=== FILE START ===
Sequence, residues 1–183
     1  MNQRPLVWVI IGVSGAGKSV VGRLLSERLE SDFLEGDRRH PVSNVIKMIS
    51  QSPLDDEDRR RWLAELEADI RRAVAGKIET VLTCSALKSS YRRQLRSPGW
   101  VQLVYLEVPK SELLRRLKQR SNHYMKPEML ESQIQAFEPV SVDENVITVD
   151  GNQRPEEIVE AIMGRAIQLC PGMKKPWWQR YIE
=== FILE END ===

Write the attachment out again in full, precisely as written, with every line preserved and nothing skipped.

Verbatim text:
Sequence, residues 1–183
     1  MNQRPLVWVI IGVSGAGKSV VGRLLSERLE SDFLEGDRRH PVSNVIKMIS
    51  QSPLDDEDRR RWLAELEADI RRAVAGKIET VLTCSALKSS YRRQLRSPGW
   101  VQLVYLEVPK SELLRRLKQR SNHYMKPEML ESQIQAFEPV SVDENVITVD
   151  GNQRPEEIVE AIMGRAIQLC PGMKKPWWQR YIE